With the release of Mac OS X, Apple brought its easy to use interface together with one of the most powerful operating systems in the world, Unix. Knowing you have that “power under the hood” is reassuring, but what can you actually do with it? I spent some time recently installing and configuring Mac OS X Panther Server and comparing its functionality to the standard Mac OS X Panther install.
Apple included a few very simple ways for users to enable Web sharing and other tasks that utilize the Unix underpinnings of Mac OS X, but there are some other functions that the Mac and Unix communities have released applications for. Take
as an example – a really cool utility that puts a GUI on many common Unix functions.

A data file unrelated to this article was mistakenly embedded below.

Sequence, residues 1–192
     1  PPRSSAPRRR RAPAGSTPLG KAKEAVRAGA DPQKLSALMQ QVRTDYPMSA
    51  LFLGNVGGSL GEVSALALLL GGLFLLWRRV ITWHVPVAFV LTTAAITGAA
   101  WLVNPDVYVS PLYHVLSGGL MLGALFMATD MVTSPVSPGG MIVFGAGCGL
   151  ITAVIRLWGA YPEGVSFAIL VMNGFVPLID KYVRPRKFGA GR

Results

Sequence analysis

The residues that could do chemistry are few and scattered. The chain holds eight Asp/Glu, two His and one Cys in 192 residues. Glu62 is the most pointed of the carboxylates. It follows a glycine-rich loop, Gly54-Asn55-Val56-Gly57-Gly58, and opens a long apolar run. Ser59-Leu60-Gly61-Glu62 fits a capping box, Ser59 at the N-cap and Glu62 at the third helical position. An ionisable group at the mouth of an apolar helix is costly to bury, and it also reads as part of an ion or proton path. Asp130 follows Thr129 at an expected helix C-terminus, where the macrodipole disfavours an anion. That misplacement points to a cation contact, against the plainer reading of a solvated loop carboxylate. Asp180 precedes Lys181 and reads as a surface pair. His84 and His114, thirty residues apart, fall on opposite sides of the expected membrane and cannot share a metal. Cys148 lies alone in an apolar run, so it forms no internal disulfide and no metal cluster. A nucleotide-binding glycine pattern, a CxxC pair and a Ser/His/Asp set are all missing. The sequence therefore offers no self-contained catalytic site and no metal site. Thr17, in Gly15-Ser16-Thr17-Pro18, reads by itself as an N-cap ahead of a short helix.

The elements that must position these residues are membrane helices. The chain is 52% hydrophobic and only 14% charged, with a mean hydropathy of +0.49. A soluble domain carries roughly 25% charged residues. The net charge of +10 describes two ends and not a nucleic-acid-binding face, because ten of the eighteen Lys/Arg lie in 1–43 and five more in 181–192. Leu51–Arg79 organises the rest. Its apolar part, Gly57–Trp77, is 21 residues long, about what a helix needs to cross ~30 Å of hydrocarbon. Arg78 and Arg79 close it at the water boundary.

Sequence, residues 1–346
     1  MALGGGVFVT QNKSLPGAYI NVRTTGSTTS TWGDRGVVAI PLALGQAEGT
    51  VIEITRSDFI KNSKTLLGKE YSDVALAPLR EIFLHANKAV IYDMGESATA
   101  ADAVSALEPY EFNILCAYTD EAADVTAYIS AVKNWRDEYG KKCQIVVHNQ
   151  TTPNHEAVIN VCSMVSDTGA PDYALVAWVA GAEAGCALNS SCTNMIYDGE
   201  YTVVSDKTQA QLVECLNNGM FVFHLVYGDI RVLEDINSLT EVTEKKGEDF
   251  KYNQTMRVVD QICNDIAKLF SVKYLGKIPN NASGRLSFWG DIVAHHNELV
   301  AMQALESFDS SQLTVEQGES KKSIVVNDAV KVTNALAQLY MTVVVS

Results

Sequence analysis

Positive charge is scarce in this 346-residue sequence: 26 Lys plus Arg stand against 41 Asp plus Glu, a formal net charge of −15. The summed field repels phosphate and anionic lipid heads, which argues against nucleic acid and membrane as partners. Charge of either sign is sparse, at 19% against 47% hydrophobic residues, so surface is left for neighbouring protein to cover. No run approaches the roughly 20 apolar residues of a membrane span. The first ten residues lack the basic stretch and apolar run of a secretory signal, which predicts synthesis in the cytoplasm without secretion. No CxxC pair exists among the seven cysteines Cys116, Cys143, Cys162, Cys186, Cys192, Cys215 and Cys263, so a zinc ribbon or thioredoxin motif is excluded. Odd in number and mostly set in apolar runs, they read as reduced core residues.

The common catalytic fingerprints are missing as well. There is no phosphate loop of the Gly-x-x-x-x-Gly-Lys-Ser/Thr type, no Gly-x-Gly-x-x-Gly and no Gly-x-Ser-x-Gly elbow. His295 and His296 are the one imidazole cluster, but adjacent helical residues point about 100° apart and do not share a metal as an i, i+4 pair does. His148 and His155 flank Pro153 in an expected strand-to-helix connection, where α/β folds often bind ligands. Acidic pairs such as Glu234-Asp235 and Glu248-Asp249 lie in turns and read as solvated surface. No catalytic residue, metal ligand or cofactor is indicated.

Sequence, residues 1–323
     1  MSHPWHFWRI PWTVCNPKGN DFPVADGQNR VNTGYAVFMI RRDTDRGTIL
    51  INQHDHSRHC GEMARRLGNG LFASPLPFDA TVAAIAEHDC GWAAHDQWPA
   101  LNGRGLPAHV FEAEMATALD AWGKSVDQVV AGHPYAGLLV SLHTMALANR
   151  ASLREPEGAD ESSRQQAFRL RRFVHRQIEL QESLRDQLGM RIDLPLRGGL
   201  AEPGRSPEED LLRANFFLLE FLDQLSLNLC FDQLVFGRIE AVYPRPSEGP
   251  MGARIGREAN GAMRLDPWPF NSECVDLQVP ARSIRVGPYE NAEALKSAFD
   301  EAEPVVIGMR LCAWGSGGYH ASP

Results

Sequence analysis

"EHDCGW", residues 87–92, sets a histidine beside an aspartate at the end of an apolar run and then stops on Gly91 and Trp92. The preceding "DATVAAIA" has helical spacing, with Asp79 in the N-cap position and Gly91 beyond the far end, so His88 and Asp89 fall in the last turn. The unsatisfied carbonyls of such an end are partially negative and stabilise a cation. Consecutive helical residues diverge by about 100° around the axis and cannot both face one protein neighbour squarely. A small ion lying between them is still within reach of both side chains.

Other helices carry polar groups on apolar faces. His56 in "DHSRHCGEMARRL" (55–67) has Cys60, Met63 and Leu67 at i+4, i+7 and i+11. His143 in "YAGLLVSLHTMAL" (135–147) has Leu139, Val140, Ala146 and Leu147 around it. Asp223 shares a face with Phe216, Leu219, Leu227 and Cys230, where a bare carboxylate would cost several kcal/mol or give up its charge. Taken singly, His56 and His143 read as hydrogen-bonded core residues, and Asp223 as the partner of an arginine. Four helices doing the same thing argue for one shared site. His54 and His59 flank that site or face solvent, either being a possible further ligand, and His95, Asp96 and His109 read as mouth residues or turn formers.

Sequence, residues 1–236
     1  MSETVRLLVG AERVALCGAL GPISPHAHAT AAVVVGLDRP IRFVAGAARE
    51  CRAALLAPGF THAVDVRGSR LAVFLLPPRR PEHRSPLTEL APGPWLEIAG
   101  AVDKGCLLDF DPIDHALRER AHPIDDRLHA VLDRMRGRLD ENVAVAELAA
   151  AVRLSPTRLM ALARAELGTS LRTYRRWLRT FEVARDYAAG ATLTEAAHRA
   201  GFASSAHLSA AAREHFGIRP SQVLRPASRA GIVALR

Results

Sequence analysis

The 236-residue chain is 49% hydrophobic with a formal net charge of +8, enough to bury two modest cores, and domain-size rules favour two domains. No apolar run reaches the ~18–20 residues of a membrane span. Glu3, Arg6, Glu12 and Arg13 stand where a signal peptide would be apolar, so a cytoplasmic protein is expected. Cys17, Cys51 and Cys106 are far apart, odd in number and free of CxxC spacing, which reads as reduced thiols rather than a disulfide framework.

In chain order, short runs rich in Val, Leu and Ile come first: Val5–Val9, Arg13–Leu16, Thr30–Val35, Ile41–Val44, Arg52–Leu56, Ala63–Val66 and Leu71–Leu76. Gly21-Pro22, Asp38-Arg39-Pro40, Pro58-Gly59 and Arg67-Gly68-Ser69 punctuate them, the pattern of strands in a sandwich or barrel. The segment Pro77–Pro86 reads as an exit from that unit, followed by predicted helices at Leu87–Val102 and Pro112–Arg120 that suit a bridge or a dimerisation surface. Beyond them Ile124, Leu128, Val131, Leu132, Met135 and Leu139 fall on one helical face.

You can also do things like enable your own mail or domain name server in the terminal (be warned, this is not for the faint of heart – if you don’t know what you’re doing, don’t mess with these files). Several Mac OS X applications have been released to control the setup and maintenance of these types of servers, making the tasks much more manageable.
(for Jaguar users) and
(for Panther users) configures all of the files a user will need to turn on a local SMTP server. Instructions for activating POP3 and IMAP mailboxes are also included with the application.
It’s amazing how many Unix applications are available to Mac users – from the looks of things, that trend will continue.